Here’s a New Approach to Writing a Biography
Book Review: The Real Jane Austen, A Life in Small Things, Paula Byrne
Perhaps you’re writing a biography and want a fresh approach? Or maybe you’re a fellow “Janeite” longing for new insights into the author’s inspiration and ideas? Both can be found in Paula Byrne’s new biography The Real Jane Austen, A Life in Small Things (2013). Byrne approaches her subject from a unique perspective. She didn’t follow the usual linear path, starting from Austen’s birth on a snowy winter morning in 1775, but instead approaches her subject from thematic subjects. Her chapters focus on the influence of Austen’s family setting, her brothers, her passion for theatre and her moral code, to name a few. More than any other biography to date, Byrne’s approach reveals the sources for Austen’s inspiration for her characters and settings, entering each new area of her life, sparked by a significant personal object as a metaphoric portal.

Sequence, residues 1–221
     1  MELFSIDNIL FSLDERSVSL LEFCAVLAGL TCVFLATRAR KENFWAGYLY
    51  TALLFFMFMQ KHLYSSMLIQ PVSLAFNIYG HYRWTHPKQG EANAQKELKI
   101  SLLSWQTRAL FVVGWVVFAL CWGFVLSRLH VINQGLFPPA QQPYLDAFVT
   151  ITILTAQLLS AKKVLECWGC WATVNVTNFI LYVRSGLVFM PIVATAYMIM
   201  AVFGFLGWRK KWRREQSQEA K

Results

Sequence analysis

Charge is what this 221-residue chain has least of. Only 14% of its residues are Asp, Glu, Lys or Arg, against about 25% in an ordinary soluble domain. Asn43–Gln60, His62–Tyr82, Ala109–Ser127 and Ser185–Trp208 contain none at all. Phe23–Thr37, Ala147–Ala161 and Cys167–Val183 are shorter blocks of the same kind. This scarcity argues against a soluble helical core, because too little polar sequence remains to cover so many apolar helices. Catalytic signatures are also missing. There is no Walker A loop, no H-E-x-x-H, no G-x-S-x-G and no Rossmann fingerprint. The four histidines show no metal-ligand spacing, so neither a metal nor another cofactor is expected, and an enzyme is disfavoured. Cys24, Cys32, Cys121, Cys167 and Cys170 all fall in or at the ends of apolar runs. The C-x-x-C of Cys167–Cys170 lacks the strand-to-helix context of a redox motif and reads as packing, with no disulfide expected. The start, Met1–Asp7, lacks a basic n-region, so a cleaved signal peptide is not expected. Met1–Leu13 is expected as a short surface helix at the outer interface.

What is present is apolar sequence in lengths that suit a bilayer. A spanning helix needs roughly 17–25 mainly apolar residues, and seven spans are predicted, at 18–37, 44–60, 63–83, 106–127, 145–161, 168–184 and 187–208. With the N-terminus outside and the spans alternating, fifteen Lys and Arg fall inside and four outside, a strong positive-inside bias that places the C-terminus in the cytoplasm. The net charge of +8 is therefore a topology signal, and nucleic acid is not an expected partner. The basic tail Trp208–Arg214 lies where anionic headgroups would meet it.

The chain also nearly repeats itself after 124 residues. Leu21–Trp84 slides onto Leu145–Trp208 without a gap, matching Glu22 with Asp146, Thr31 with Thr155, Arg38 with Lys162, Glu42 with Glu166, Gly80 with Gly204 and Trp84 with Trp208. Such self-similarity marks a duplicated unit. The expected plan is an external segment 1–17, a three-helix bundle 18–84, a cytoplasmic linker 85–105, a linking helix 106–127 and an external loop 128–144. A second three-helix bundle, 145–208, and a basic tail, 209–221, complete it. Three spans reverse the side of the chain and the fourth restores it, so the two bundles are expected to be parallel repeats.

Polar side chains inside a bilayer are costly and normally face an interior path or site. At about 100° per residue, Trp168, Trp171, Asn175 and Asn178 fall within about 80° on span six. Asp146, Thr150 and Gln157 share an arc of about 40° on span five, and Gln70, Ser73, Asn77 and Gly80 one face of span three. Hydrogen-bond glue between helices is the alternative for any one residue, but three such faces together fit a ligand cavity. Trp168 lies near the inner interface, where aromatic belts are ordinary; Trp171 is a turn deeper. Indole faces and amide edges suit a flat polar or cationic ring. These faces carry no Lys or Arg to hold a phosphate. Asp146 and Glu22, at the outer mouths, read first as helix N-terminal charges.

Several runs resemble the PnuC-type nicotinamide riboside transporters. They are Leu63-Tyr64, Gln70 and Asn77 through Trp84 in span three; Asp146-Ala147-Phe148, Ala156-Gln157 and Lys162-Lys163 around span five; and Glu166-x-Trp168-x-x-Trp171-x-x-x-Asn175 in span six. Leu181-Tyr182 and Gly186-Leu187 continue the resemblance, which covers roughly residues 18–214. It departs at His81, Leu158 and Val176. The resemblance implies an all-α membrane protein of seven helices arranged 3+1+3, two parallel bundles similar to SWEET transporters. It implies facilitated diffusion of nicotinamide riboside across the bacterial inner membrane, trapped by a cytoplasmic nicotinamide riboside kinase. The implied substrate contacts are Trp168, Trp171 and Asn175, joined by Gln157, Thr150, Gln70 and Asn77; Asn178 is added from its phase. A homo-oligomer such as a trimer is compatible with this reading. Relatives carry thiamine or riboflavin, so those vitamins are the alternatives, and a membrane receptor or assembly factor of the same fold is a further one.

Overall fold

Byrne’s approach could be and confusing, moving back and forth as it does across the span of the author’s short life, but it’s not. She builds interest and surprise throughout, enlivening her standard nonfiction form with quotes from Austen’s novels. The format provides lively detail and seems to engage Austen herself in a duet-like performance that brings her on stage as a partner in her own biography.
Working from the perspective of key influences, rather than chronology, has teased out surprising details not found in other biographies. And Byrne has not skimped on her research, which appears to have been both exhaustive and perceptive. She demonstrates, for instance, that Austen had numerous male admirers, men she could have married, if not for her alarm at the premature deaths of friends and sisters-in-law in childbirth—and because what she wanted to do was write.
Byrne approached her subject as a fan with a complex understanding of Austen’s novels. She has found clues in unlikely places to give us a fresh and rounded perspective. The end result is a portrait of a far more sophisticated woman than hitherto presented, one who matches the impressive skill, wisdom and wit of a novelist whose work continues to reach new audiences over two centuries later.